• No SSRI is more effective than another and they were all moderately more effective compared to drug placebo with good tolerability (combined MD ‑3.49, 95% CrI ‑5.12 to ‑1.81). Clomipramine was also more effective than placebo but less tolerable than SSRIs (MD ‑4.72, 95% CrI ‑6.85 to ‑2.60). Studies of venlafaxine or hypericum (St John’s wort) were too small to provide conclusive results.
  • In children and young people (17 trials; 991 people) cognitive behavioural therapy combined with sertraline had the largest effect, with good tolerability. It appeared to be as effective as cognitive behavioural therapy alone but there were small numbers of people for each type of treatment or combination of treatments.
  • Results for cost-effectiveness were inconclusive.

What does current guidance say on this issue?

NICE’s 2005 guidance on OCD was placed on the static list in February 2014 as no major on-going studies were due to be published within the next three to five years. The decision will be reviewed in 2019.

The 2005 guidance recommends low intensity (up to 10 hours) cognitive behavioural therapy or behavioural therapy for adults with mild OCD. An SSRI, more intensive cognitive behavioural therapy or behavioural therapy is recommended if response is inadequate and for moderate OCD. Combined treatment is recommended for severe impairment.

For children and young people with mild OCD, guided self-help and support is recommended and cognitive behavioural therapy or behavioural therapy for moderate to severe impairment.

What are the implications?

Findings from this review generally support previously published guidelines on the management of OCD, that psychological therapies and SSRI drugs are of benefit either alone or in combination. There was insufficient evidence to reliably rank the different types of psychological therapies or drug treatments in order of likely success. This was partly due to the majority of psychological trials including people who were taking medications (mostly SSRIs). Therefore there is less certainty in the finding that behavioural therapy and cognitive therapy were more effective than medication because the way study was conducted may have favoured psychotherapies unfairly.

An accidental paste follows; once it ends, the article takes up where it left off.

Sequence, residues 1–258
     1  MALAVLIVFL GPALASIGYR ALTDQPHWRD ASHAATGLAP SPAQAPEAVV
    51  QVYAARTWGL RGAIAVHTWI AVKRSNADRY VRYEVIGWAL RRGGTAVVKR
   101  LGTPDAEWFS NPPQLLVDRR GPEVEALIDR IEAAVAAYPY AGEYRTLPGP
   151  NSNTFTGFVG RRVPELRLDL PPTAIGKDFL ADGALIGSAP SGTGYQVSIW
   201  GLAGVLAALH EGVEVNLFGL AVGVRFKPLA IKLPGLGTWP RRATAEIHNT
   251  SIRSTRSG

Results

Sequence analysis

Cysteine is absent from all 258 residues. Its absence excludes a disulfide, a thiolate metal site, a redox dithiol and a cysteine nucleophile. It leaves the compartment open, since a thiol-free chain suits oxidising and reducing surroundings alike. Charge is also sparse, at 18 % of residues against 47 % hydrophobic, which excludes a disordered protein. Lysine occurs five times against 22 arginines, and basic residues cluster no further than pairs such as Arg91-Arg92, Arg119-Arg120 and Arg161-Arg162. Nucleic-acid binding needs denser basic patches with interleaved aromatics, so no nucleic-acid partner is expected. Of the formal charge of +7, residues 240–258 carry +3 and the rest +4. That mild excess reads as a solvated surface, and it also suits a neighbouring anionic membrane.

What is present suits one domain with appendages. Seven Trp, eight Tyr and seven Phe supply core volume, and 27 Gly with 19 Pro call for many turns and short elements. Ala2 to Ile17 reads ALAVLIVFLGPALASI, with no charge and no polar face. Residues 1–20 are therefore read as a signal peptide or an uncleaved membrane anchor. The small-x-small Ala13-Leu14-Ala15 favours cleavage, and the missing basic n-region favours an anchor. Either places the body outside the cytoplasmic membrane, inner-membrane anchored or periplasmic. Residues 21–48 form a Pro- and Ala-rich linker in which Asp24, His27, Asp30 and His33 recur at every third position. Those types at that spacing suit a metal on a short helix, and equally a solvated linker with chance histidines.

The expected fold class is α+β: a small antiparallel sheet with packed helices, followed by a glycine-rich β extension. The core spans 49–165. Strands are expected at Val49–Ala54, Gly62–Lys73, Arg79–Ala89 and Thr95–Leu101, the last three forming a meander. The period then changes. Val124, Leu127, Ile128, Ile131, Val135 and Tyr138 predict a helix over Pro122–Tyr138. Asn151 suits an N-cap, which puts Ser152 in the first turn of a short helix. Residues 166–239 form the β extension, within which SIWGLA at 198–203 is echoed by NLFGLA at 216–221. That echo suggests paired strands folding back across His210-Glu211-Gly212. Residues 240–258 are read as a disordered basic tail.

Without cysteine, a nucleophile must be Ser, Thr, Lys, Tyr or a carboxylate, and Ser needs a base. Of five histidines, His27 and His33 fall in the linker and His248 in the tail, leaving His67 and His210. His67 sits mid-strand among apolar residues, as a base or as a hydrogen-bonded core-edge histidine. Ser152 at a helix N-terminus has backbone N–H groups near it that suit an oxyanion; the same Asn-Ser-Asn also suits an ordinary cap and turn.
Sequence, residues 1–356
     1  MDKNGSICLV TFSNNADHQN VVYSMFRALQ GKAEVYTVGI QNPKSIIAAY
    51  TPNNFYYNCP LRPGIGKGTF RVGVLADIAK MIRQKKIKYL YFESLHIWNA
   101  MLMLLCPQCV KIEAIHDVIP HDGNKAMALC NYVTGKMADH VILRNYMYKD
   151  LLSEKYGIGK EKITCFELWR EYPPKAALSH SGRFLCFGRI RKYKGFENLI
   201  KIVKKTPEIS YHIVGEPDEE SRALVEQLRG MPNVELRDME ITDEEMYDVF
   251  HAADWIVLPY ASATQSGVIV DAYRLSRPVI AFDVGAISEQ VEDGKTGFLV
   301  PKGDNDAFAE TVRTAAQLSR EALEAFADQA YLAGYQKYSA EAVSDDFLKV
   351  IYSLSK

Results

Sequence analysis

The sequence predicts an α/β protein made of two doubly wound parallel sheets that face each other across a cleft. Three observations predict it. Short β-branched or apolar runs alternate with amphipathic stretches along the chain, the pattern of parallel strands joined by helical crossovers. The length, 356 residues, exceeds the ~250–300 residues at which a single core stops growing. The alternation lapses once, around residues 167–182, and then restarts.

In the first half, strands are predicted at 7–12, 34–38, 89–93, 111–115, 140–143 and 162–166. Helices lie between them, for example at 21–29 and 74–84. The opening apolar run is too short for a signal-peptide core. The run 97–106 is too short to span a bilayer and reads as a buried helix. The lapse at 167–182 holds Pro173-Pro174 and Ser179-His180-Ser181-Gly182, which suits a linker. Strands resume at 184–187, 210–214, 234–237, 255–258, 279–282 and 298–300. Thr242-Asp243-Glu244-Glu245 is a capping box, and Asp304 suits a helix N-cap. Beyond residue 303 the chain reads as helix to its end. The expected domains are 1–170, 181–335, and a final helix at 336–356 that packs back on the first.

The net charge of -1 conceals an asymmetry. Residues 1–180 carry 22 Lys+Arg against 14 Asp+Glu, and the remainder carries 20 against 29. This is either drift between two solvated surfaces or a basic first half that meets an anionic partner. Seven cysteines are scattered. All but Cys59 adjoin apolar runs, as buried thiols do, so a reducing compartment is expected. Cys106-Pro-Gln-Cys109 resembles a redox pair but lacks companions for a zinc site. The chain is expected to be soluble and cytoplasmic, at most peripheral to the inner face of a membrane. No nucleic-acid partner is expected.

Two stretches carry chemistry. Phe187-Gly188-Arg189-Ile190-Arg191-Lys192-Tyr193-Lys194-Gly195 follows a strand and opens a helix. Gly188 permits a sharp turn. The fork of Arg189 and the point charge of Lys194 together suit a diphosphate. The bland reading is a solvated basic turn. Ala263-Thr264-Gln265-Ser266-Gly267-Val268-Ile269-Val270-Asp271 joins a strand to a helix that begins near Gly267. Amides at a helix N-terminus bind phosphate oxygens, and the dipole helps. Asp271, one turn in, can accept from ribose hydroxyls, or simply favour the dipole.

This means that treatments will continue to be chosen on an individual basis according to preferences, side effect profiles and comorbid conditions such as depression and anxiety.

Citation and Funding

Skapinakis P, Caldwell D, Hollingworth W, et al. A systematic review of the clinical effectiveness and cost-effectiveness of pharmacological and psychological interventions for the management of obsessive-compulsive disorder in children/adolescents and adults. Health Technol Assess 2016;20 (43).

This project was funded by the National Institute for Health Research Health Technology Assessment programme (project number 10/104/41).

Bibliography

NHS Choices. Obsessive compulsive disorder. London. Department of Health; updated 2014.

NICE. Obsessive-compulsive disorder and body dysmorphic disorder: treatment. CG31. London: National Institute for Health and Care Excellence; 2005.

A systematic review of the clinical effectiveness and cost-effectiveness of pharmacological and psychological interventions for the management of obsessive-compulsive disorder in children/adolescents and adults

Published on 16 June 2016

Skapinakis P, Caldwell D, Hollingworth W, Bryden P, Fineberg N, Salkovskis P, Welton N, Baxter H, Kessler D, Churchill R, Lewis G.

Health Technology Assessment Volume 20 Issue 43 , 2016